ECO Scheme Storage Heater Grants and Boiler Grants

What is Fuel Poverty?

In basic terms, fuel poverty is when you can’t afford to heat your home properly.

The Government has defined fuel poverty as when a household needs to spend more than 10% of its income in order to achieve reasonable levels of warmth. 

This is taken to be 22º centigrade in the main living areas of a home and 18º centigrade in other occupied areas.

How is Fuel Poverty Defined?

Fuel poverty is said to exist when a household has to spend more than 10% of its income in order to achieve reasonable levels of warmth in the home.

In this instance, the Government describes adequate warmth as a temperature of around 22º centigrade in the main living areas of a home and 18º centigrade in all of the other occupied areas.

The main factors which contribute to fuel poverty are low household income, energy efficiency of the heating system, poor insulation in the home and the cost of fuel.

In calculating whether a household is suffering from fuel poverty, spending on lighting, appliances, cooking and heating water are included in the overall cost of fuel.

How many homes in the UK suffer from Fuel Poverty?

Number of Homes in the UK Suffering from Fuel Poverty
Fuel Poverty in the UK

In 2010, the number households in the UK which suffered from fuel poverty was estimated at around 4.75 million. This represents approximately 19 per cent of all UK households.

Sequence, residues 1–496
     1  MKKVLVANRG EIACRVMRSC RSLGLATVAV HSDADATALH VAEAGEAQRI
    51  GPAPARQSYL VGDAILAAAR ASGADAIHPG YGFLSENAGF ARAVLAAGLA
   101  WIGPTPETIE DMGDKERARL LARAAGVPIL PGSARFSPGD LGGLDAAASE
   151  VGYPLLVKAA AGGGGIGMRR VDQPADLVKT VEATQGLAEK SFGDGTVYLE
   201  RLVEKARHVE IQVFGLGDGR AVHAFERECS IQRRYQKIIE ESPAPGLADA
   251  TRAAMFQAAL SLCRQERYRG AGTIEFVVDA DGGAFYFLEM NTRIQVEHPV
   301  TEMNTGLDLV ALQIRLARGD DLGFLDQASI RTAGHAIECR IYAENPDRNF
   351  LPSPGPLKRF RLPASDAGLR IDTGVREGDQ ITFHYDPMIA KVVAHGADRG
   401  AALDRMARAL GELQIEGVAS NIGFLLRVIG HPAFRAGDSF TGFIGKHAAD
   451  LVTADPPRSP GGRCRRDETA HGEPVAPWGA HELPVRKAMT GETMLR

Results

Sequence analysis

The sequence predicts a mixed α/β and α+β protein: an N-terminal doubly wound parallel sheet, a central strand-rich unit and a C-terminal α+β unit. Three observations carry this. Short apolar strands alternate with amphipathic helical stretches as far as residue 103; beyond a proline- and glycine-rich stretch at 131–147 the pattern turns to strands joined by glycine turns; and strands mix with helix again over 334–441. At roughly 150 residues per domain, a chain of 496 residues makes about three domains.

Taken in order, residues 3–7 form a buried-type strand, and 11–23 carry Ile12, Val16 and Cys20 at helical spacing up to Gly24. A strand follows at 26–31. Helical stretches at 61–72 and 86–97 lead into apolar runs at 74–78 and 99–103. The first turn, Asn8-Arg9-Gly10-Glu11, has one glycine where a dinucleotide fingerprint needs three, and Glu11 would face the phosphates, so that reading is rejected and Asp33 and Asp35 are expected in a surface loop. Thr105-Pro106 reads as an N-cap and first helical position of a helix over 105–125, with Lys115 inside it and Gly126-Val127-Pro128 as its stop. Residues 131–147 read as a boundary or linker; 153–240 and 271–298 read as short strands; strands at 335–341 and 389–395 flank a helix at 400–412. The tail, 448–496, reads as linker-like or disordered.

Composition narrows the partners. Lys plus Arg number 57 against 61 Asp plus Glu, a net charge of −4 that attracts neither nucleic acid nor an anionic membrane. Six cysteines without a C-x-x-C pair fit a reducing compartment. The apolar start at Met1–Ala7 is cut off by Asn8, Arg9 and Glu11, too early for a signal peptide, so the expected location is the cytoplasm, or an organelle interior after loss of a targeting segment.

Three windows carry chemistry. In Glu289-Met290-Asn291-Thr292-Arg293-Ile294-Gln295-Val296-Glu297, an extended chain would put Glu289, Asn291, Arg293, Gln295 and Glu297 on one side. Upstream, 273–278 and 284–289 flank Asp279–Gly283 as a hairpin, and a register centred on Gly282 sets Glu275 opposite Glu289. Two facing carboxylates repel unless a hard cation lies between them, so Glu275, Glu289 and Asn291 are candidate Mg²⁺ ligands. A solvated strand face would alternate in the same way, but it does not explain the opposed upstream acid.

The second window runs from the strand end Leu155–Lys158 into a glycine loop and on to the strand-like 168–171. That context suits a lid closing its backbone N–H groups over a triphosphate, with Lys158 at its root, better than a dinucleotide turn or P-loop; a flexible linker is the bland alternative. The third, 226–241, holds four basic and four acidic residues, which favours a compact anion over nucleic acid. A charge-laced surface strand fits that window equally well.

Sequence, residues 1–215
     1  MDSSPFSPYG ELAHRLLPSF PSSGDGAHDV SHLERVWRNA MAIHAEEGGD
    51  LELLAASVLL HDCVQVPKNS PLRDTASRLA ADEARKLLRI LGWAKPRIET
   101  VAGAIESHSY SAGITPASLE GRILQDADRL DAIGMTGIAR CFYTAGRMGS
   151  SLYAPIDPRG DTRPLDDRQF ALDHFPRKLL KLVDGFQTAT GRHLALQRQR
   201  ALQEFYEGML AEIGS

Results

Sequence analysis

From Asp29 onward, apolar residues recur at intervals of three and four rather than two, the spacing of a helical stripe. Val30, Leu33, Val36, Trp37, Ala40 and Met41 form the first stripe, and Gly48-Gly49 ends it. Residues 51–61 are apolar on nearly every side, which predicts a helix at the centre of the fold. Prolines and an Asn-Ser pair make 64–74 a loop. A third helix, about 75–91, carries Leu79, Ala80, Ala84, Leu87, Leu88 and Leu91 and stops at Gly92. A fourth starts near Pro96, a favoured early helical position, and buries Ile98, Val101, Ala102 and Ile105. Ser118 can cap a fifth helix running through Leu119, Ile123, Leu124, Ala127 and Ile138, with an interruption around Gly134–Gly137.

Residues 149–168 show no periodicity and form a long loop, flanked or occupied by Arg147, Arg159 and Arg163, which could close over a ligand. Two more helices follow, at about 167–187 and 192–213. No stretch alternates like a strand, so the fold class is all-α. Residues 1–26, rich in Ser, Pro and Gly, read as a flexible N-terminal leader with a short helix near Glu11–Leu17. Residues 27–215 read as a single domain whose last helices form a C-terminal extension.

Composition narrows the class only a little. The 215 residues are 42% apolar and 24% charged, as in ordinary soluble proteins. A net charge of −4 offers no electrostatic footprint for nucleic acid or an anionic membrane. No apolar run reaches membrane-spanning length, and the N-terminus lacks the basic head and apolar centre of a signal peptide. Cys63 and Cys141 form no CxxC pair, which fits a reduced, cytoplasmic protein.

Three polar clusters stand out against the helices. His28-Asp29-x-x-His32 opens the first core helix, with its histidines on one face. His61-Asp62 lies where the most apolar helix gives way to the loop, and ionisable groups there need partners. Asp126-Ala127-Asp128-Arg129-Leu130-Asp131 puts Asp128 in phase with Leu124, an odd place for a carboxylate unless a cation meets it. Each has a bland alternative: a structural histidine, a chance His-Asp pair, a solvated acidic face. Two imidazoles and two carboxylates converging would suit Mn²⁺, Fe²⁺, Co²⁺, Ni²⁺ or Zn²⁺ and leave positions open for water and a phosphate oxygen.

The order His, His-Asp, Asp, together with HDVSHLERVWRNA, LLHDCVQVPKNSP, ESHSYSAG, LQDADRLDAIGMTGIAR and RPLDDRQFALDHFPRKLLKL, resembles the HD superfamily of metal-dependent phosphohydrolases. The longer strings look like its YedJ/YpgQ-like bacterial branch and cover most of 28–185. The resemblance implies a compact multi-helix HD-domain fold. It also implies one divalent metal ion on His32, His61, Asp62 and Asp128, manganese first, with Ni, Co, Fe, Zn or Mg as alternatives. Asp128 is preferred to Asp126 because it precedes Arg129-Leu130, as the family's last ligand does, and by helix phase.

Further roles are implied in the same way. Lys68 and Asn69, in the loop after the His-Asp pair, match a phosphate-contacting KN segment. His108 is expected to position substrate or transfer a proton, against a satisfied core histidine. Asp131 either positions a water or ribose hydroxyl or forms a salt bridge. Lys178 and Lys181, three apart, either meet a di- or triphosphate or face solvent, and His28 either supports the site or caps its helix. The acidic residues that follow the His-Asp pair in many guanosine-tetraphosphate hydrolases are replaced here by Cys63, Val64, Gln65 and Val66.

Installation of Energy Efficient Home Improvements to Tackle Fuel Poverty

The reduction in fuel poverty which occurred between 1996 and 2004 was due largely to a combination of rising household incomes and falling domestic energy prices. The installation of energy efficient home improvements such as double glazing, ‘A’ rated condensing boilers and cavity wall insulation also helped to cut energy consumption in homes and therefore reduce energy bills.

Rising Domestic Energy Prices

However, between 2004 and 2009, domestic energy prices increased rapidly. For example, domestic electricity prices rose by over 75 per cent and gas prices by over 122 per cent in the six year period. These energy price increases resulted in a growth in the number of UK households suffering from fuel poverty.

The overall effect of price rises for domestic energy since 2004 has more than outweighed the effect of rising incomes and improved energy efficiency. This was reversed slightly in 2010 when increases in incomes and improvements in energy efficiency combined to outweigh the effects of energy price rises in 2009.

Fuel Poverty across the UK

Northern Ireland has the greatest proportion of households suffering from fuel poverty in the UK, followed by Scotland, Wales and then England. This is mainly due to a higher percentage of households who do not have a gas supply and have to use more expensive fuels to heat their homes. It is also due to lower incomes in Northern Ireland than the other UK Nations.

What can we do to reduce Fuel Poverty in the UK?

The number of households in the UK suffering from fuel poverty can be reduced by:

• Increasing household income so that fuel costs as a percentage of income falls below 10%. Unfortunately, reducing income has the opposite effect and in the recent recession many UK households have suffered a drop in real income which has pushed some into fuel poverty.

• Reducing fuel prices. However, it seems that fuel prices are rising at a faster rate now than they ever have done.

• Carrying out improvements to the energy efficiency of the home so that less energy is required to achieve reasonable levels of warmth and less energy is lost due to poor insulation.  

The Affordable Warmth Scheme offers Boiler Grants, Storage Heater Grants, Cavity Wall Insulation Grants and Loft Insulation Grants to low-income households to help reduce fuel poverty.